Kakania in The Massachusetts Review

An excerpt from the fifth part of Kin is in the current (summer 2020) issue of The Massachusetts Review.

Thanks to the editors, especially Corine Tachtaris and Jim Hicks, for their interest and support. It’s a strong issue with plenty of global awareness and representation, including translations by Patty Crane (Tomas Tranströmer), Peter Bush (Juan Vitulli), Tess Lewis (Karl Markus-Gauss), Mirgul Kali (Mukhtar Magauin), Matthew Rinaldi (Maria José Silveira), Patricia Dubrava (Augustín Cadena), Julia Sanches (Soledad Puértolas), and Samantha Kirby (Ornela Vorpsi). There is also an essay on translation by Allison Grimaldi Donahue. Miljenko Jergović’s “Kakania” appears in my translation on p. 233. That’s quite a line-up, and yes, I did just put all the translators’ names first and their authors in parentheses after.

The cover features an intriguing aspect of translation that several of my non-fiction writer and translator colleagues and I have discussed in the past. Jergović is indeed an essayist as well as an author of fiction and poetry. His book Kin, which now has a cover up at the publisher’s website, has been characterized variously as an “epic,” a “saga,” a “family novel,” a “chronicle,” and “historical fiction.”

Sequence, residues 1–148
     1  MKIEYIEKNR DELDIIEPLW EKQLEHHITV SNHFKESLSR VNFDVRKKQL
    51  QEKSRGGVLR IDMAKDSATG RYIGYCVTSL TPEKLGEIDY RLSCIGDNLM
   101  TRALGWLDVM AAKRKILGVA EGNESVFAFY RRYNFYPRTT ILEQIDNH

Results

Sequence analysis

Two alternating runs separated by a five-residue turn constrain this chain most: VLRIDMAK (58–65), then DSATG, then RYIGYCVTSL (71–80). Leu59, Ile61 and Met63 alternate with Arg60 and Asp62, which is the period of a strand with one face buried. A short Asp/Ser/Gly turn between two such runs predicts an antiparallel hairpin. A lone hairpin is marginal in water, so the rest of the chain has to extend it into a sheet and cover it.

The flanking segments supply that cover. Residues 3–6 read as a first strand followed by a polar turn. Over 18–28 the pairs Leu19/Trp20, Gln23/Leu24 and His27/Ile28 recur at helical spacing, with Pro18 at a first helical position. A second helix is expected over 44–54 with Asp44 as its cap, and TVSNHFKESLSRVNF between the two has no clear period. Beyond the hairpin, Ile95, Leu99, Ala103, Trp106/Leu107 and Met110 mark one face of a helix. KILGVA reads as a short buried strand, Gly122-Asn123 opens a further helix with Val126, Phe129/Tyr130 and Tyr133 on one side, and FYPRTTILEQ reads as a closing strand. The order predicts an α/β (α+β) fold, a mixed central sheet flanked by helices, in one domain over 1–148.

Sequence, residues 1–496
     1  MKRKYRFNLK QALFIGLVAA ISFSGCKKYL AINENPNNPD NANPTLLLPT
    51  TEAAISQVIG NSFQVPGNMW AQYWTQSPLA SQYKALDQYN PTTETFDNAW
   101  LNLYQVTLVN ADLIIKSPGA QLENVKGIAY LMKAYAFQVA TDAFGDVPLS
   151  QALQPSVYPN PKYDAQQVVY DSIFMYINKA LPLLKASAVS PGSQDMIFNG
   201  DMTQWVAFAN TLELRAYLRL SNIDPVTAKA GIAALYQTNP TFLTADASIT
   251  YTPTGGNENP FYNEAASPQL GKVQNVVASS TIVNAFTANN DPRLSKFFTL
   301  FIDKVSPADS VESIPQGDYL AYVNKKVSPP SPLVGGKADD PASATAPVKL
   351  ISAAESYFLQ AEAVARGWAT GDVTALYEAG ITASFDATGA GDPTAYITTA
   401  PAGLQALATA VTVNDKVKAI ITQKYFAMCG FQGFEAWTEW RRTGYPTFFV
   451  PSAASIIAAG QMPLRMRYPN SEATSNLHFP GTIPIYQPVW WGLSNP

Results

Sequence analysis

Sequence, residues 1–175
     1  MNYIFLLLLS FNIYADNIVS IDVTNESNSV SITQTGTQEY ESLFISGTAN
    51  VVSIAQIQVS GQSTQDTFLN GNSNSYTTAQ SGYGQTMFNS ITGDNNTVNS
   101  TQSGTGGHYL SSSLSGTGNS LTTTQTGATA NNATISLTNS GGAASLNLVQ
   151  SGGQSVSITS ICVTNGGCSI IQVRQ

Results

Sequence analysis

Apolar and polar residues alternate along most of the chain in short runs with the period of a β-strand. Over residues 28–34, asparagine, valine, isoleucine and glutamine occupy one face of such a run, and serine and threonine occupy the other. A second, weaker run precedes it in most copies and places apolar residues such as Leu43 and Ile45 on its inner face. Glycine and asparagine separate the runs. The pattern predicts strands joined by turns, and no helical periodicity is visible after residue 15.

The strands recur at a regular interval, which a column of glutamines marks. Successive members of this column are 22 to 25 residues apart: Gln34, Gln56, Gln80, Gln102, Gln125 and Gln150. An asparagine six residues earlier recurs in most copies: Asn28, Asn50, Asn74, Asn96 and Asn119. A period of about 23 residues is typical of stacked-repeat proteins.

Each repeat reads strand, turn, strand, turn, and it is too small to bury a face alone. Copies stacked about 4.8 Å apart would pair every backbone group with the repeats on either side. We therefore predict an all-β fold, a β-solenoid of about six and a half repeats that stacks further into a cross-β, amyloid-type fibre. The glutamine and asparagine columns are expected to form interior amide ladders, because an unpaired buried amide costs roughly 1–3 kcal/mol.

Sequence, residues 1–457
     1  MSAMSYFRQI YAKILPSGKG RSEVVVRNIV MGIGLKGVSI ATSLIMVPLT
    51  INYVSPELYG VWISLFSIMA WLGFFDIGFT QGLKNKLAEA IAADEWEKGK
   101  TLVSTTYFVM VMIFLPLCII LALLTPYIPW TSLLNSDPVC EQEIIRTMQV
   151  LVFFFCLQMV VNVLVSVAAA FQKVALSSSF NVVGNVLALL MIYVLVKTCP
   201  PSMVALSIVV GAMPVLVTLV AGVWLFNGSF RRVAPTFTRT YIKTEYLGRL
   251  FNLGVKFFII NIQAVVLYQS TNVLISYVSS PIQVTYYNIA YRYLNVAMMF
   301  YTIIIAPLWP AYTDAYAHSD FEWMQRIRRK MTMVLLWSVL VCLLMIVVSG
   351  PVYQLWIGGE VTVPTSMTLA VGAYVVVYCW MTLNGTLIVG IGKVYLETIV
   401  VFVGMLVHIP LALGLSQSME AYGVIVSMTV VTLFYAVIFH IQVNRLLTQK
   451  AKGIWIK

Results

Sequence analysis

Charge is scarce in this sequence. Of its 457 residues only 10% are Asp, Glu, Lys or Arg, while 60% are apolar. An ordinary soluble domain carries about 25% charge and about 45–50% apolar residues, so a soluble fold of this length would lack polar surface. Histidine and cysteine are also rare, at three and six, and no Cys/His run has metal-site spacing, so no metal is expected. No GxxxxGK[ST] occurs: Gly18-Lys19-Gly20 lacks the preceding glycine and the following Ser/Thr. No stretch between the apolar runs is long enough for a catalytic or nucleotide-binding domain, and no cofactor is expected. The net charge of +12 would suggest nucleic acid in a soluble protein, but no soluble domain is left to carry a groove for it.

Partly, this is due to deliberate genre-bending by the author. He likes to write in the in-between spaces and test the boundaries of invention. But it is also due, in my opinion, to a general tendency in the English-language book market to mark the distinction between fiction and non-fiction more rigidly. The book is clearly what the French would call littérature, a category that does not translate well into the English market.

The section from which “Kakania” is drawn bears the wonderfully ambiguous title Inventarna knjiga, which plays with the notions of the inventory (a list of factual items, often in a commercial context) and the invented (the stuff of fiction) all while highlighting that this is a book within a book. What is its genre? This is not just a question about how to classify it, one of the emptiest and least interesting questions in genre criticism. It’s about how to read and understand it, just as one understands a government building by learning to recognize and mentally prepare oneself based on the architectural features it deploys.

Literary magazines tend to use genre markers in their own distinctive ways, narrowing down entire categories into the basic headings of poetry, fiction, nonfiction, drama, and review. (Translation can fit anywhere.) Sometimes editors play around with these categories and encourage crossings and mixings, but the labels are almost always there, and the option of simply presenting everything as littérature is relatively rare.

The most capacious of these, in my experience, tends to be non-fiction, and indeed, “Kakania” slips in here as “essay,” which seems perfectly fitting in terms of its spirit of exploration and experiment, even if it feels much narrower than what Jergović is up to in Kin.

Due out in May 2021.